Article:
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New Mass Spectrometry Techniques Uncover Clues from Ancient Proteins

Researchers used a mass spectrometry technique to analyze glue used to repair a punch bowl once owned by Mary Washington. | Courtesy of the George Washington Foundation

Researchers can now pinpoint when early cultures began consuming animal milk and what kind of homemade glue was used to repair a punch bowl owned by George Washington’s mother using new mass spectrometry chemical analysis techniques.

Three scientists participating in a news briefing at the 2019 AAAS Annual Meeting in Washington, D.C., described advances including instantaneous analysis of artifacts and techniques to extract proteins from fossilized bones that are leading to new findings in archeology and paleontology.

Christina Warinner, an associate professor of microbiome sciences at the Max Planck Institute for the Science of Human History, is using a new application of mass spectrometry to identify milk proteins in calcified dental plaque taken from ancient Mongolians’ teeth to determine how long ago the culture adopted the practice of using milk from horses and other grazing animals.

“The first step was finding that we could recover milk protein. It decomposes very readily,” she said. Previously, archeologists relied on recovering dairy fats from pots, she said, but Mongolians didn’t use pottery. They are also nomadic, so they didn’t have settlements that could be excavated. Before modern dental hygiene practices began destroying these fascinating historical records, Warinner said, dental plaques would build up in layers over a person’s lifetime, trapping information not only about a person’s diet, but also pollen and environmental pollutants that can give clues as to what they did.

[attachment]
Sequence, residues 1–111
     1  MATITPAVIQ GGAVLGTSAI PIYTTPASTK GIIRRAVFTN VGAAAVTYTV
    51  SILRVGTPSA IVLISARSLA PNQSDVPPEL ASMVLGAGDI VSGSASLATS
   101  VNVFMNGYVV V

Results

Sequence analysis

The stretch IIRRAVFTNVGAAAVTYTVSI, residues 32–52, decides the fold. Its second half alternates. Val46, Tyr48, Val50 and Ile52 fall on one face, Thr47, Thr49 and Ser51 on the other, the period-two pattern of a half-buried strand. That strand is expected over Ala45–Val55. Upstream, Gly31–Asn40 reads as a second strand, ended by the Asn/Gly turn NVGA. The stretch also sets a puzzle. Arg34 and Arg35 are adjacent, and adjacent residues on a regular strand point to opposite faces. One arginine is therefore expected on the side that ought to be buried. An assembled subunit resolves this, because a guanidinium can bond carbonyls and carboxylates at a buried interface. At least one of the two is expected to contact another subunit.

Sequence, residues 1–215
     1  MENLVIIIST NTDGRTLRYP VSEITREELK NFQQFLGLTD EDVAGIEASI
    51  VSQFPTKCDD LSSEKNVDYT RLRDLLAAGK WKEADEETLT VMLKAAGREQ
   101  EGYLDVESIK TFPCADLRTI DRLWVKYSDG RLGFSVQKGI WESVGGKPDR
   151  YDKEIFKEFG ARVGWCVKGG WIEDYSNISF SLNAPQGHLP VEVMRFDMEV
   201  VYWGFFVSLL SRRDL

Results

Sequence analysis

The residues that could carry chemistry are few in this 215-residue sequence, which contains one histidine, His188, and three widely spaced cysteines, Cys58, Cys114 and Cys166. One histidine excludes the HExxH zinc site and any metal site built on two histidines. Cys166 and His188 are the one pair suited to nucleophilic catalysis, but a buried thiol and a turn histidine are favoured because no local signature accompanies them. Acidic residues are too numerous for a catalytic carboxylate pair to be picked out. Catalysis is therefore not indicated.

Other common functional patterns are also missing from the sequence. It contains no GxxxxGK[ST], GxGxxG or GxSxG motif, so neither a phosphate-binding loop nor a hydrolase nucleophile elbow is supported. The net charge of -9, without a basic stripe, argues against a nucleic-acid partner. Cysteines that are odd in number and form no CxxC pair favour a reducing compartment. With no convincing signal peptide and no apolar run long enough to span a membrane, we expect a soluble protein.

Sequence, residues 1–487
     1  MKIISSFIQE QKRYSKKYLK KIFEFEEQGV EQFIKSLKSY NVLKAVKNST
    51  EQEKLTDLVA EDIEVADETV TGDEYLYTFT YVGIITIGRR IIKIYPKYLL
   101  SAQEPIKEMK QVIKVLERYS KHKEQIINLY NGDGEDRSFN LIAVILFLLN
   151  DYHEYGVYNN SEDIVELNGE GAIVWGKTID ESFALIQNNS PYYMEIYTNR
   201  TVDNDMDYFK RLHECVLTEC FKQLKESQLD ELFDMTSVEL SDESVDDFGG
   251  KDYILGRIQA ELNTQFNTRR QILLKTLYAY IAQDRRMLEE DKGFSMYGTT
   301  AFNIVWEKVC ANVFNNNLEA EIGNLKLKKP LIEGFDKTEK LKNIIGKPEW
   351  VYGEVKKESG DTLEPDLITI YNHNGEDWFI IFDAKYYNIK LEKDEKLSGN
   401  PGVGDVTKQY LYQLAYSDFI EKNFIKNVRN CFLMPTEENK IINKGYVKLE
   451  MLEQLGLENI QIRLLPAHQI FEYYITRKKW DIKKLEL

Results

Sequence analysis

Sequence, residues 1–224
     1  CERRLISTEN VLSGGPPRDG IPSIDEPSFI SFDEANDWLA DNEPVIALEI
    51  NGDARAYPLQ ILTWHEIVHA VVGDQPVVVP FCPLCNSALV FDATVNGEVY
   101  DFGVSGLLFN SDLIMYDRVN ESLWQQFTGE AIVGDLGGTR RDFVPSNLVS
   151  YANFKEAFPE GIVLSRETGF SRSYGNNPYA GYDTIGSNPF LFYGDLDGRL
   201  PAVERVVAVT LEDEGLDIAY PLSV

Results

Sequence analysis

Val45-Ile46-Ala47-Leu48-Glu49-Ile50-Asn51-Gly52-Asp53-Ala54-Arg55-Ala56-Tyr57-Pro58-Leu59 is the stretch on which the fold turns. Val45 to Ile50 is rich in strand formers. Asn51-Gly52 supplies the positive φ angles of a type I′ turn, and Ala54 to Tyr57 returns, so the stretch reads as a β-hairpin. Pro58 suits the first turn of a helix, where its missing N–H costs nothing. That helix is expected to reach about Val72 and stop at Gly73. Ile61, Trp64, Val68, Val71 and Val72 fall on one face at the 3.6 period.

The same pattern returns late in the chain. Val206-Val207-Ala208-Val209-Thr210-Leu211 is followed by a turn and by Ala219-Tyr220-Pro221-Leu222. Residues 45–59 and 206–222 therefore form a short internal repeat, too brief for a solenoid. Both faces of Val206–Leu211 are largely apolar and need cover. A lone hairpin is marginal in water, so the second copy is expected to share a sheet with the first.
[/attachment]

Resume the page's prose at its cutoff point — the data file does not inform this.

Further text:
Using this analysis, Warinner’s team found the Mongolians began consuming dairy as early as 1300 BCE. “DNA will just tell you what species” something is from, she said, but “proteins are amazing because they’re highly tissue specific. That’s why we can tell it’s milk, not meat,” Warinner said. Also, using the kinds of technology we have today, DNA analysis is limited to about one million years ago, but proteins that extend even farther into the past can be analyzed, she said.

Elena Schroeter, Christina Warinner and Ruth Ann Armitage speak Friday during a 2019 AAAS Annual Meeting press briefing. | Andrea Korte/AAAS

Ruth Ann Armitage, professor of chemistry at Eastern Michigan University, is using a mass spectrometry technique called direct analysis in real time, DART, to do instantaneous analysis of historically important samples. In one case, she took a couple of strands of fabric from a museum textile to find what type of red dye was used, information that influences the type of exhibit lighting that can be used without damaging it.

“To get results instantaneously is great. We can answer questions quickly, which might be useful, depending on what your question is,” Armitage said.

Armitage also employed DART to analyze glue used to repair a small 18th century punch bowl Mary Washington had owned. She found it was a water-soluble glue made from cheese and lye, from which historians could conclude that Washington had probably kept the bowl for display purposes, since it could no longer be used to hold food.

Elena Schroeter, a paleontology postdoctoral fellow at North Carolina State University, developed a new technique to extract and analyze proteins from fossilized bones, which can clarify ancient animals’ family trees. While extracting proteins from modern bones is “pretty straight-forward,” Schroeter said, with fossils, you “also get junk — products of decay called humic substances,” that increase as the fossils age, and make it difficult to analyze their proteins.

Schroeter developed a method to remove large amounts of humic substances from samples, and when she tested it on a relatively young fossil, she was able to extract 20 bone proteins using the new method, compared with three using the old one. “I’m looking forward to seeing what it can do with older, more problematic fossils,” she said.


[Associated image: Ferry Farm, George Washington’s childhood home | J. Albert Bowden II/Flickr CC BY 2.0]



Kathleen O'Neil

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